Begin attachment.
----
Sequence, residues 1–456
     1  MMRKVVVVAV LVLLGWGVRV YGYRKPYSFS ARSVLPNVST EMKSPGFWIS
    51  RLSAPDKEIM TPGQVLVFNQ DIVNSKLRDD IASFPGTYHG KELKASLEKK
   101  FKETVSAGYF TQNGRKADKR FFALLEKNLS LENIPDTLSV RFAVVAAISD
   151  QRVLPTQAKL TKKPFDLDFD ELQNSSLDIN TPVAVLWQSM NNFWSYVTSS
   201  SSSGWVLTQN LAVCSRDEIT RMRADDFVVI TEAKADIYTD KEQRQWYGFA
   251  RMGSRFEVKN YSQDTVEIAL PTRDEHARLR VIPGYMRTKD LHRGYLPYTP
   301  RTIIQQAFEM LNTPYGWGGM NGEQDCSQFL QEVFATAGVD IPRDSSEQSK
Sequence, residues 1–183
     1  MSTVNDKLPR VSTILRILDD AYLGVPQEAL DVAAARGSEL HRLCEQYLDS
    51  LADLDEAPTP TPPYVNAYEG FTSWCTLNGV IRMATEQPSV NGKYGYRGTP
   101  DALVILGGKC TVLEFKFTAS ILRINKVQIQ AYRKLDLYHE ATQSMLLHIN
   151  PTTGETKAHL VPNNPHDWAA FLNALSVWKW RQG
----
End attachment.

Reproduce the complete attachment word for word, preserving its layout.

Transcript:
Sequence, residues 1–456
     1  MMRKVVVVAV LVLLGWGVRV YGYRKPYSFS ARSVLPNVST EMKSPGFWIS
    51  RLSAPDKEIM TPGQVLVFNQ DIVNSKLRDD IASFPGTYHG KELKASLEKK
   101  FKETVSAGYF TQNGRKADKR FFALLEKNLS LENIPDTLSV RFAVVAAISD
   151  QRVLPTQAKL TKKPFDLDFD ELQNSSLDIN TPVAVLWQSM NNFWSYVTSS
   201  SSSGWVLTQN LAVCSRDEIT RMRADDFVVI TEAKADIYTD KEQRQWYGFA
   251  RMGSRFEVKN YSQDTVEIAL PTRDEHARLR VIPGYMRTKD LHRGYLPYTP
   301  RTIIQQAFEM LNTPYGWGGM NGEQDCSQFL QEVFATAGVD IPRDSSEQSK
Sequence, residues 1–183
     1  MSTVNDKLPR VSTILRILDD AYLGVPQEAL DVAAARGSEL HRLCEQYLDS
    51  LADLDEAPTP TPPYVNAYEG FTSWCTLNGV IRMATEQPSV NGKYGYRGTP
   101  DALVILGGKC TVLEFKFTAS ILRINKVQIQ AYRKLDLYHE ATQSMLLHIN
   151  PTTGETKAHL VPNNPHDWAA FLNALSVWKW RQG